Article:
National Catholic Register: Contracepting the environment – Birth-control poisoning of streams leave U.S. environmentalists mum
BOULDER, Colo. (National Catholic Register) – When EPA-funded scientists at the University of Colorado studied fish in a pristine mountain stream known as Boulder Creek two years ago, they were shocked. Randomly netting 123 trout and other fish downstream from the city’s sewer plant, they found that 101 were female, 12 were male and 10 were strange “intersex” fish with male and female features.
SWAN AT SUNSET – A swan moves quietly through the water at sunset last December in the Chesapeake Bay near Cambridge, Md. A 2005 EPA study was among the first in the country to demonstrate that a slurry of hormones, including those from birth-control pills, and antibiotics, caffeine and steroids is coursing down the nation’s waterways, threatening fish and contaminating drinking water. (Courtesy of Tom Lorsung/www.PeacefulPix.com)
It’s “the first thing that I’ve seen as a scientist that really scared me,” said then 59-year-old University of Colorado biologist John Woodling, speaking to the Denver Post in 2005.
They studied the fish and decided the main culprits were estrogens and other steroid hormones from birth-control pills and patches, excreted in urine into the city’s sewage system and then into the creek.
Woodling, University of Colorado physiology professor David Norris, and their EPA-study team were among the first scientists in the country to learn that a slurry of hormones, antibiotics, caffeine and steroids is coursing down the nation’s waterways, threatening fish and contaminating drinking water.
Since their findings, stories have been emerging everywhere. Scientists in western Washington found that synthetic estrogen – a common ingredient in oral contraceptives – drastically reduces the fertility of male rainbow trout.
Doug Myers, wetlands and habitat specialist for Washington State’s Puget Sound Action Team, told the Seattle Post-Intelligencer that in frogs, river otters and fish, scientists are “finding the presence of female hormones making the male species less male.”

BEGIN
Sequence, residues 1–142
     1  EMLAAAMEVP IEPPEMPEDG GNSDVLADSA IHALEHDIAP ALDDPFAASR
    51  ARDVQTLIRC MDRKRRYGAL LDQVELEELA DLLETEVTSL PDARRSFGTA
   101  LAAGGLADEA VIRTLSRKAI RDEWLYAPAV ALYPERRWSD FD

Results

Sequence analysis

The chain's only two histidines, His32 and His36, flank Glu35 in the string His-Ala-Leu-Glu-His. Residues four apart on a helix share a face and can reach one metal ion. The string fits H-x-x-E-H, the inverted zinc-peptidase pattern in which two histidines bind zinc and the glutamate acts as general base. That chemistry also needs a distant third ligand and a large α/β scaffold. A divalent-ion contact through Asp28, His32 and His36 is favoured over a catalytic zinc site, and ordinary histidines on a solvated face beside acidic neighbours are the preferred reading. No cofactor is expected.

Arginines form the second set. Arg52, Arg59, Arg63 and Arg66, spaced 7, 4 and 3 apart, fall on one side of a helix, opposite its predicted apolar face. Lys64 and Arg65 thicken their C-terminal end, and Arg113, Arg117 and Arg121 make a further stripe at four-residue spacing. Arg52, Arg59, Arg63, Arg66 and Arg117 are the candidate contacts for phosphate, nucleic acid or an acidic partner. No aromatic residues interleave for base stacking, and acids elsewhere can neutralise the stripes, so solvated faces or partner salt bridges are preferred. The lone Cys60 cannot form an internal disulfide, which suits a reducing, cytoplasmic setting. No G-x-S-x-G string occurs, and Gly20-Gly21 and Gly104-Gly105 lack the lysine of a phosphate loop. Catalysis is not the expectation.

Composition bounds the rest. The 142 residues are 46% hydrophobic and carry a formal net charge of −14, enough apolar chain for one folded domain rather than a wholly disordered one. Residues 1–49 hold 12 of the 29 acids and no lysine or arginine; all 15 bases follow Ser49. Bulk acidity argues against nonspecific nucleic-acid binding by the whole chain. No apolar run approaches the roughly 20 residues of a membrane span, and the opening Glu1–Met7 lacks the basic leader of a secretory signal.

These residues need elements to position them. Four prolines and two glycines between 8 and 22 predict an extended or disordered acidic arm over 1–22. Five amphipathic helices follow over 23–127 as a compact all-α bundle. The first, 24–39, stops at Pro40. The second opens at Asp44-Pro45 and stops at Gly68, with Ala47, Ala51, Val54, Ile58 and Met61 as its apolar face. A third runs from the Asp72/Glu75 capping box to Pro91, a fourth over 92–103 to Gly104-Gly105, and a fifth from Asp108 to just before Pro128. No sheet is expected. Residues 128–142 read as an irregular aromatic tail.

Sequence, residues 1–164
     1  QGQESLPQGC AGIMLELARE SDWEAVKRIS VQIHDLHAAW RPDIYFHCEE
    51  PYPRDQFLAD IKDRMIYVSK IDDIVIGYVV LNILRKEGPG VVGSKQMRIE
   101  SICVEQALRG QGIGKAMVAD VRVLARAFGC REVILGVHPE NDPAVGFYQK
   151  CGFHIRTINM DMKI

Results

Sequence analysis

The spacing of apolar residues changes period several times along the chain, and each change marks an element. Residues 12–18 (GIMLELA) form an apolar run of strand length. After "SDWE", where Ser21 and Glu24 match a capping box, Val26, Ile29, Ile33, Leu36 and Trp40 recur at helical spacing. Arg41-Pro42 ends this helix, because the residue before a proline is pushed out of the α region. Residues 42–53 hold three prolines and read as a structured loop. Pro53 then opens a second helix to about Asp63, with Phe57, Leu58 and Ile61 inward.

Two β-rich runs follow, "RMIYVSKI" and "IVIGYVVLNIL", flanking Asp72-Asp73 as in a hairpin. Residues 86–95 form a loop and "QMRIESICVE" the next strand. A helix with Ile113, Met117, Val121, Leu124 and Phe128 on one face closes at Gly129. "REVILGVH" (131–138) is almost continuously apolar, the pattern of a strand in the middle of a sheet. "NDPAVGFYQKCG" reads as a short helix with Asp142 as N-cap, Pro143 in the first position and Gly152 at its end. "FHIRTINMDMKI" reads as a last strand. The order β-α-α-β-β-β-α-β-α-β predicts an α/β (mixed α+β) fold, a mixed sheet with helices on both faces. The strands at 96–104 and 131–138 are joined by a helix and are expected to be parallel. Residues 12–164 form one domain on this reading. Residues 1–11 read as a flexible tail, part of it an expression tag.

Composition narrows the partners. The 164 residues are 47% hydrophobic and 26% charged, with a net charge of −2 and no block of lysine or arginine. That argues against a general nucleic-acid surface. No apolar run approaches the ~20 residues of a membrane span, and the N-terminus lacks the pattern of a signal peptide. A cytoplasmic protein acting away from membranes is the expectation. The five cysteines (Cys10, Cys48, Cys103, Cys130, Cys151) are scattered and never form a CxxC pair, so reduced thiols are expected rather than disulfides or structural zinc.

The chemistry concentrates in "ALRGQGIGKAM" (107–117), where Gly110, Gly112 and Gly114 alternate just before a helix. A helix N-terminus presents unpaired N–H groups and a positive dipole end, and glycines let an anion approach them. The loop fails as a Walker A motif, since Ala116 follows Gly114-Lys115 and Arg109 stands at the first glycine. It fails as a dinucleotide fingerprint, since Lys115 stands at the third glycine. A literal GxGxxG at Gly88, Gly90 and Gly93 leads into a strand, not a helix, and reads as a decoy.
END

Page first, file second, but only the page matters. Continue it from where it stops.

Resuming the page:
This summer, the U.S. Fish & Wildlife Service and the American Pharmacists Association will begin a major public-awareness campaign regarding contamination that’s resulting from soaps and pharmaceuticals, including birth control.
What the Boulder scientists discovered, however, is that few people care.
Or, if they’re worried, they’re in denial.
“Nobody is getting passionately concerned about it,” Norris said. “It makes no sense to me at all that people aren’t more concerned.”
When the story of his finding hit Denver and Boulder newspapers, Norris anticipated an immediate response from environmentalists, who define the politics of Boulder and are known to picket in the streets demanding ends to questionable farming practices, global warming and pesticide treatments.
To the professor’s surprise, however, the hormone story was mostly ignored.
Two years later, environmental groups have failed to take up the cause of saving Boulder Creek and its fish from hormone pollution.
Dave Georgis, who directs the Colorado Genetic Engineering Action Network, took to the streets of Boulder on several occasions to hold signs demanding that Boulder County regulate genetically modified crops from existence.
When asked about the genetically modified fish and the contaminated drinking water, however, he said: “It just has so much competition out there for stuff to work on.”
He told the Boulder Weekly that nobody needed to consider curtailing use of artificial contraceptives out of concern for the creek.
“You can’t have a zero impact, and this is one of the many, many impacts we have on the environment in everyday life,” Georgis said. “Nobody is to blame for this, and I don’t have a solution.”
Norris, an environmentalist and birth-control advocate, said that until society achieves better sewage filtration and invents harmless contraceptives, “there’s always abstinence, and we know that it’s 100 percent effective.”
To preserve the self-giving nature of the sexual act, which must always be open to life, the Catechism teaches that it is wrong to use contraception. Couples may space their children for just reasons in ways using natural family planning, which involves observation of signs in the woman’s body.
Says the Catechism: “The regulation of births represents one of the aspects of responsible fatherhood and motherhood. Legitimate intentions on the part of the spouses do not justify recourse to morally unacceptable means (for example, direct sterilization or contraception)” (No. 2399).
But Catholics shouldn’t hold their breath waiting for environmentalists to advocate a boycott of contraceptives, said George Harden, a board member of the Society of Catholic Social Scientists, based in Steubenville, Ohio.
“If you’re killing mosquitoes to save people from the West Nile virus, you can count on secular environmentalists to lay down in front of the vapor truck, claiming some potential side effect that might result from the spray,” Harden said. “But if birth control deforms fish – backed by the proof of an EPA study – and threatens the drinking supply, mum will be the word.”
Harden said the growing knowledge of estrogen-polluted water may expose the cultural double-standards that protect birth control from the scrutiny given to other chemicals and drugs.
“It’s going to start looking funny,” Harden said. “The radical environmentalist won’t eat a corn chip if the corn contacted a pesticide. But they view it a sacred right and obligation to consume synthetic chemicals that alter a woman’s natural biological functions, even if this practice threatens ...
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